Chronic illnesses present a host of issues for individuals, families, communities, and society. They require lengthy and costly treatment regimens and can be physically and emotionally draining. The financial burden a chronic illness can put on a social network can be exorbitant. But the emotional toll of living with a chronic illness can be even more significant. People who live with a chronic illness or disability have undoubtedly experienced drastic changes in their qualities of life. They may no longer be able to support themselves financially and may require a caregiver to assist with physical activities as well. Add to that the limited mobility or physical pain that can accompany chronic illness, and conditions are ripe for a rapid deterioration of mental well-being. Addressing the psychological problems that can result from being chronically ill is paramount. Not only does psychological health improve overall physical health, but positive mental health can also increase medication adherence and other treatments necessary to combat the chronic illness, thus prolonging and improving life.
Recently, some communities have developed ways to identify which chronically ill individuals also have mental health problems, specifically depression. However, it is unknown how accurate these assessments are. To explore this issue further, Christopher Burton of the Centre for Population Health Sciences at the University of Edinburgh in the UK recently analyzed data from over 67,000 newly diagnosed cardiac and diabetic patients. The participants were evaluated for depression within the first four weeks of diagnoses in an effort to recognize those in need of mental health services.
After researching the data, Burton found that although the number of depression diagnoses increased, they did not do so dramatically. Also, only a small percentage of those receiving diagnoses for depression went on to get treatment. Untreated depression can result in poor mental and physical outcomes. Burton believes that perhaps receiving both diagnoses within one month minimizes the impact of the depression diagnosis, making the treatment of it less urgent when compared to the treatment of the chronic illness. Regardless, Burton believes that financial investments in these types of assessments may not be paying off in mental health outcomes. He said, “Given these findings we recommend careful consideration before further extension of screening for depression in patients with chronic illness.” Burton hopes that future work looks into more effective ways to identify and encourage treatment of depression in individuals with chronic illness.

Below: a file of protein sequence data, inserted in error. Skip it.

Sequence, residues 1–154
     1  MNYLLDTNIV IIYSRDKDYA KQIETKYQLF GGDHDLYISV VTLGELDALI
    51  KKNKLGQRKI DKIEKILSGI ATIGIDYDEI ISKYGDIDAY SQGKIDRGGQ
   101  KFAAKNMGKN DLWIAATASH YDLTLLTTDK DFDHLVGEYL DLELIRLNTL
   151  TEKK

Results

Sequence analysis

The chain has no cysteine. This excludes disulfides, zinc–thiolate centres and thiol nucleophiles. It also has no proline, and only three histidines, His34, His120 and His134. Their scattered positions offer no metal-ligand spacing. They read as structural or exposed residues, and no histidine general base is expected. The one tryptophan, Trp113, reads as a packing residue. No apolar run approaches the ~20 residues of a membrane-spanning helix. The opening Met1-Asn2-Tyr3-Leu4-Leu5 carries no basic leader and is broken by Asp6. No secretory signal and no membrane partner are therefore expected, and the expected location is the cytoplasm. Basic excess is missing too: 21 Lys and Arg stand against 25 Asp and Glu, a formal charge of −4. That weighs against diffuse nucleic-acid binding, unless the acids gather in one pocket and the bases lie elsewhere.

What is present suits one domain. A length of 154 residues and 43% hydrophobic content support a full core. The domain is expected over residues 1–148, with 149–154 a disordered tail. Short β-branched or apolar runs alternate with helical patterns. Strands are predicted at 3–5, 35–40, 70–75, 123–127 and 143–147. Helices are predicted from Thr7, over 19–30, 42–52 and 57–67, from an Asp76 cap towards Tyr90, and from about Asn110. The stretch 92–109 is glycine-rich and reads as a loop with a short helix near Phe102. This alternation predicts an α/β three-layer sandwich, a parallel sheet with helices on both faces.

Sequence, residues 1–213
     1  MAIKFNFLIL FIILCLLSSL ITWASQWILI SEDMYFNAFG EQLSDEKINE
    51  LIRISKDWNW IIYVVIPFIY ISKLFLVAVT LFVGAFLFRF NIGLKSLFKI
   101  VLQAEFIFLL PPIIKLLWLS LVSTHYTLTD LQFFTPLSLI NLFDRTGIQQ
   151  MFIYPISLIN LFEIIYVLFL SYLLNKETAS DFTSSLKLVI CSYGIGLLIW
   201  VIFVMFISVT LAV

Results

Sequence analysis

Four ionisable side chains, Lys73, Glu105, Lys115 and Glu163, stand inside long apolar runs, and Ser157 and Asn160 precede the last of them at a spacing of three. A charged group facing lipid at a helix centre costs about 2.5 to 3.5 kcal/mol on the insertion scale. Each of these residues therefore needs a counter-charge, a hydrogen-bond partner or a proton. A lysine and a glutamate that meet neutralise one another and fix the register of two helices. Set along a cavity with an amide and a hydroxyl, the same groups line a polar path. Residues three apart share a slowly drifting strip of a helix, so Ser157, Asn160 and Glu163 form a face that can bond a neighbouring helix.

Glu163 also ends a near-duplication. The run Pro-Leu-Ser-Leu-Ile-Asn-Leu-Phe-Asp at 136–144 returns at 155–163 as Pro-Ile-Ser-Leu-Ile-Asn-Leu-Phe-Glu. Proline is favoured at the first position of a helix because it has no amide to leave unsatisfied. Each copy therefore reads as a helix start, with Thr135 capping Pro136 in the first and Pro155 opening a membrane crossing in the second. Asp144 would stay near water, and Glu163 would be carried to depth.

Burton, C., C. Simpson, and N. Anderson. Diagnosis and treatment of depression following routine screening in patients with coronary heart disease or diabetes: A database cohort study. Psychological Medicine 43.3 (2013): 529-37. ProQuest Research Library. Web. 3 Feb. 2013.
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